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Woody Sez: The Life and Music of Woody Guthrie

A splendid biographical musical that creatively documents “America’s hobo poet.” A wonderful cast of four vibrantly performs his classic, political songs.

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Megan Loomis, Helen Jean Russell, David M. Lutken and Andy Teirstein in a scene from “Woody Sez: The Life and Music of Woody Guthrie” (Photo credit: Carol Rosegg)


Darryl Reilly, Critic

Four wonderful performers vibrantly sing and act out the singer-songwriter’s classic, political songs in Woody Sez: The Life and Music of Woody Guthrie. This splendid biographical musical creatively documents “America’s hobo poet.”

“This Train is Bound for Glory” opens the show and a reprise of “This Land is Your Land” closes it. In between, there are 40 musical selections that are representative of Guthrie’s work, and the eventful times he lived in. These include the “The Ballad of Tom Joad” songs inspired by novelist John Steinbeck’s masterwork, The Grapes of Wrath.

Physically lean, with gaunt but animated features, the immensely charming David M. Lutken plays the narrator and sings many of the numbers. Mr. Lutken magnificently captures the essence of Guthrie with his wry twang, beaming smile and dramatic presence. This dimension is complete when he puts on a blue cap like Guthrie’s iconic one. That image is on display onstage, with a cigarette dangling from the side of Guthrie’s mouth.

Helen Jean Russell, David Finch and Darcie Deaville appear with Lutken. They all sing terrifically and vividly portray various characters from Guthrie’s life. These include his relatives, those he encountered, and friends such as Will Geer and Pete Seeger.

The show was devised by Lutken with Nick Corley and Ms. Deaville, Ms. Russell and Andy Teirstein.

The script is an accomplished distillation of historical details that seamlessly blend with the songs into an engaging, informative and highly entertaining presentation.

Helen Jean Russell and David M. Lutken in a scene from “Woody Sez: The Life and Music of Woody Guthrie” (Photo credit: Carol Rosegg)

Lutken is also the music director and did the excellent orchestrations and vocal arrangements along with Ms. Deaville, Ms. Russell and Mr. Teirstein.

With clever simplicity, Mr. Corley’s lively direction propels the show during its two hours with an intermission. The musical numbers are perfectly integrated with the factual recitations.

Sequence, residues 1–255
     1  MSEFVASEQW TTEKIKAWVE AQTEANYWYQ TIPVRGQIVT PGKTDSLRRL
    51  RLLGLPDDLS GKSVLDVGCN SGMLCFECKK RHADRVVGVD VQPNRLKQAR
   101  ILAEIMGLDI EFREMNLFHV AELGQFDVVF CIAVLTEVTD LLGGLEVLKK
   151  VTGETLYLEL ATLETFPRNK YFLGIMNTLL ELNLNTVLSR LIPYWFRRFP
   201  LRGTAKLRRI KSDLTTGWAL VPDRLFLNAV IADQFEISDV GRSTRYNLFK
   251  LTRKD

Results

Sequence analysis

Large vintage-looking photographs of sights from The Depression such as an old barn with a weathervane, a rural vista with clouds and a tractor, and a truck on a road are the stage’s back drop. Hanging from the ceiling are smaller photographs of Guthrie, his drawings and writings.

Scenic designer Luke Hegel-Cantarella’s commanding efforts also have the stage set with wooden trunks and a variety of musical instruments. Guitars, banjos, violins, ukuleles, a bass and a harmonica are all used at various times by the cast.

Michael Gottlieb’s lighting design alternates between subtle mistiness, straightforward brightness and varying dimness to blackouts, all complementing the performances, time periods and actions.

From homespun print dresses for the women to stylish casual wear for the men, Jeffrey Meek’s costume design authentically conveys a sense of the past.

David M. Lutken and Megan Loomis in a scene from “Woody Sez: The Life and Music of Woody Guthrie” (Photo credit: Carol Rosegg)

Named for Woodrow Wilson, Guthrie was born in Oklahoma in 1912, and as a teenager moved with his family to Texas. His natural affinity for music led him to sing on the streets. After marrying for the first time at the age 19, he moved with his wife and children to California in the 1930’s and began appearing there on radio shows as a folk singer.

For a Communist newspaper, he wrote a column titled “Woody Sez.” “This Land is Your Land” was written in 1940 in reaction to Irving Berlin’s relatively saccharine “God Bless America.” He served in the Merchant Marines during W.W.W II, and was later blacklisted for his Leftist views.

In 1952 after years of deteriorating health, he was diagnosed with the neurological disorder Huntington’s Disease, the genetic illness that killed his mother. He died in 1967, at the age of 55, in the Creedmoor Psychiatric Center in Queens Village, New York. Before his death, the young Bob Dylan visited and was mentored by him. Bruce Springsteen is among the many notable singer-songwriters who cite him as an influence.

Besides its outstanding performances and technical achievements, Woody Sez: The Life and Music of Woody Guthrie serves as a living monument to the enduring greatness of Woody Guthrie’s songs and a reminder of his courageous life. His artistry resonates nearly 50 years after his death.

One bright sunny morning in the shadow of the steeple, by the relief office I saw my people. As they stood hungry, I stood there wondering if God Blessed America for me.

There was a big high wall there that tried to stop me. The sign was painted, said ‘Private Property.’ But on the backside, it didn’t say nothing. This land was made for you and me.

When the sun comes shining, then I was strolling, With the wheat fields waving, the dust clouds rolling, The voice come a-chanting, and the fog was lifting. This land was made for you and me.

Woody Sez: The Life and Music of Woody Guthrie (extended through September 10, 2017)

The Irish Repertory Theatre, 132 West 22nd Street, in Manhattan

For tickets, call 212-727-2737 or visit

Running time: two hours with one intermission

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